According to Apple’s internal sources, the manufacturer is working on a high-end virtual reality headset that should pave the way towards more ambitious AR glasses in the long term.
The initial VR glasses that Apple has been working on for a long time, according to Bloomberg, experience various obstacles in terms of development. Therefore, sales expectations are also being tempered by Apple, which further shows how difficult it is today to make virtual reality attractive to the masses.
According to internal sources close to the project, the first VR glasses will be a lot more expensive than the competition, such as the Oculus Quest 2 or the HTC Vive Cosmos, which cost 349 and 799 euros incl. VAT respectively. Apple estimates it sells one pair of glasses per day per store. Considering 500 stores worldwide, we arrive at just over 180,000 units, excluding other sales channels. Compared to other Apple products, this is roughly the Mac Pro line-up volume, again confirming the high-end price tag.
VR glasses and AR glasses
The VR glasses codenamed N301 is in the final phase of development but have no final design yet. This means that the project can still be scrapped, despite the long development process. The AR glasses are codenamed N421 and are still in an early development phase where the architecture is determined. According to internal sources, this project will need many more years to become a fully-fledged product. The initial target was 2023, but it is not certain whether that deadline is feasible.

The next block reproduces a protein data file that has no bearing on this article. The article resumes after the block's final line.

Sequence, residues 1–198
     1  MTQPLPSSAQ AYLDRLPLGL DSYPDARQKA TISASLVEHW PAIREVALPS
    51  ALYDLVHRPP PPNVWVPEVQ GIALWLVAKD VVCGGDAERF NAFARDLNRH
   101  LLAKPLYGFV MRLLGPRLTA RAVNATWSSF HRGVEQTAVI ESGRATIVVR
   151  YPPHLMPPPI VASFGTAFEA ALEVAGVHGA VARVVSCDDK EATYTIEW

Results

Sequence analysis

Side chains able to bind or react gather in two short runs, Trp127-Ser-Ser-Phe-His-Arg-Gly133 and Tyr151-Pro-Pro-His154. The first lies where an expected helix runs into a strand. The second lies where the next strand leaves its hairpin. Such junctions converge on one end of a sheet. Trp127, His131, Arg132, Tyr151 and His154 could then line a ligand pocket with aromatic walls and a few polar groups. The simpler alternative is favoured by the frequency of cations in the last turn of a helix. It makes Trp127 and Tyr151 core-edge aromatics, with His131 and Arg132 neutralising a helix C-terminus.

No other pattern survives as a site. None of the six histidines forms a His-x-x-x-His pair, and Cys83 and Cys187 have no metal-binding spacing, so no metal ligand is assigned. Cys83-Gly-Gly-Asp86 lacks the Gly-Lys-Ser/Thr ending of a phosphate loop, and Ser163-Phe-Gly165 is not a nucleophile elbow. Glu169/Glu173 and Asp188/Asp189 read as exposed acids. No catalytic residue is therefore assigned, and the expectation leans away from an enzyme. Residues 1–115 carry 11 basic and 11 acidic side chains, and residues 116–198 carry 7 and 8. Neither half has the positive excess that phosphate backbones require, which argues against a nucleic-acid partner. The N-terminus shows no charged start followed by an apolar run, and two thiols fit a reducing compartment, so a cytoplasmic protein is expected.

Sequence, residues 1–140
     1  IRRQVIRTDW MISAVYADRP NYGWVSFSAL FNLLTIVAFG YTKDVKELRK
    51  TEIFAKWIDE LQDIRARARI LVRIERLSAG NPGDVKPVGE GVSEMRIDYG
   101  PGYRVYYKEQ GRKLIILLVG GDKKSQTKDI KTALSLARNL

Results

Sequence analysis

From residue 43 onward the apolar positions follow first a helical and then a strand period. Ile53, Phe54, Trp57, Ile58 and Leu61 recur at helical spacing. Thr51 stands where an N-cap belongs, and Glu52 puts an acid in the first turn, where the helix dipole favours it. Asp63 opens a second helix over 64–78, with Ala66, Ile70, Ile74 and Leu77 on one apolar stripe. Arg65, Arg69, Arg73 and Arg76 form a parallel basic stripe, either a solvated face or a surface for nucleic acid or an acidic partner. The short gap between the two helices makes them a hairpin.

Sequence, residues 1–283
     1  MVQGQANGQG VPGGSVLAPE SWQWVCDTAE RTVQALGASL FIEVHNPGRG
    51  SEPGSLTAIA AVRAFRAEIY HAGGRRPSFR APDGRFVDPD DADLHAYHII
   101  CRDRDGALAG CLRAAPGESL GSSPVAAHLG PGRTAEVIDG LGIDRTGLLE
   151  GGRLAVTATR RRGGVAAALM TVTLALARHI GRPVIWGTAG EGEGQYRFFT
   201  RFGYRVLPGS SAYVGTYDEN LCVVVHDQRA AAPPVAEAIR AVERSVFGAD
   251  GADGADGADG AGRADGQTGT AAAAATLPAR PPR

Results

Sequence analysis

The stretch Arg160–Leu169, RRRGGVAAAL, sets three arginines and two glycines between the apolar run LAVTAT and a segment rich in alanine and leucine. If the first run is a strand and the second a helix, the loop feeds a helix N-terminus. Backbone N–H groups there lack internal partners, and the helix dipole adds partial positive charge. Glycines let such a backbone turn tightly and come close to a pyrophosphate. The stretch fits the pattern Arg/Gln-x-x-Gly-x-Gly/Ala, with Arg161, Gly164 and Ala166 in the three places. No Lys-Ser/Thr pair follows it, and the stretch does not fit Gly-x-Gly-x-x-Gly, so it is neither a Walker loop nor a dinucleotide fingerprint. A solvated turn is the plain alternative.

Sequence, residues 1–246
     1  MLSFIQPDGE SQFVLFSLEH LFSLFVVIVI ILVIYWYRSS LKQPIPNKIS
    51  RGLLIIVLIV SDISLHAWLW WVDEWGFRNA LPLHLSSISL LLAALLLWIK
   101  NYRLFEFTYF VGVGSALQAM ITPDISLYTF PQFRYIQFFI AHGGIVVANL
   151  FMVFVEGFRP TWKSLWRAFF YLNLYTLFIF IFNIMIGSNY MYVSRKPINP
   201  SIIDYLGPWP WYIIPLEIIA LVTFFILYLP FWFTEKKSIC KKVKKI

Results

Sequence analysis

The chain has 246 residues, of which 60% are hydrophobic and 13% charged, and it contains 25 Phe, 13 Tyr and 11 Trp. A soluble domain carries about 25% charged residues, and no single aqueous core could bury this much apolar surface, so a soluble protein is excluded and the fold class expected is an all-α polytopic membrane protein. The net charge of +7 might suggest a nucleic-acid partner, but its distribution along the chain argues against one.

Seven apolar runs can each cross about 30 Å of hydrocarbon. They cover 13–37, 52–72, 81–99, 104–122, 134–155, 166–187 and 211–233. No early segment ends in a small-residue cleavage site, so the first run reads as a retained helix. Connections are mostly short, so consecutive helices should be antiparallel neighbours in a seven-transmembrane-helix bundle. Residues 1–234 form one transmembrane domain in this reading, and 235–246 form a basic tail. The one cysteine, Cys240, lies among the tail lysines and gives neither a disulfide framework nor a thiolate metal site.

The high-end VR glasses get a powerful chip on board that performs equal to or better than the current Apple M1 chip. The headset gets a fan on board to cool everything optimally. Initially, Apple wanted to make the glasses much lighter and put all the computing power in a separate station in wireless contact with the VR glasses. Jony Ive, then head of the design department at Apple, dumped that concept in the bin. As they are now, the VR glasses also have a battery onboard comparable to the Oculus Quest 2. The cameras in the headset register your surroundings and hand movements.
Covid-19 hinders development because hardware engineers are only allowed to be in the office on certain days. Limited test moments to collect data also cause delays, resulting in decisions regarding the engineering process. Internal sources within Apple confirm that the VR headset only serves as a precursor for a final AR glasses. The manufacturer competes with the Microsoft Hololens 2 and Magic Leap, which cost $ 3,500 and $ 2,295 respectively today.
By initially developing niche VR glasses, Apple can invest in underlying technologies, educate consumers, develop content and give developers time to ensure that the ultimate AR glasses are successful from the start.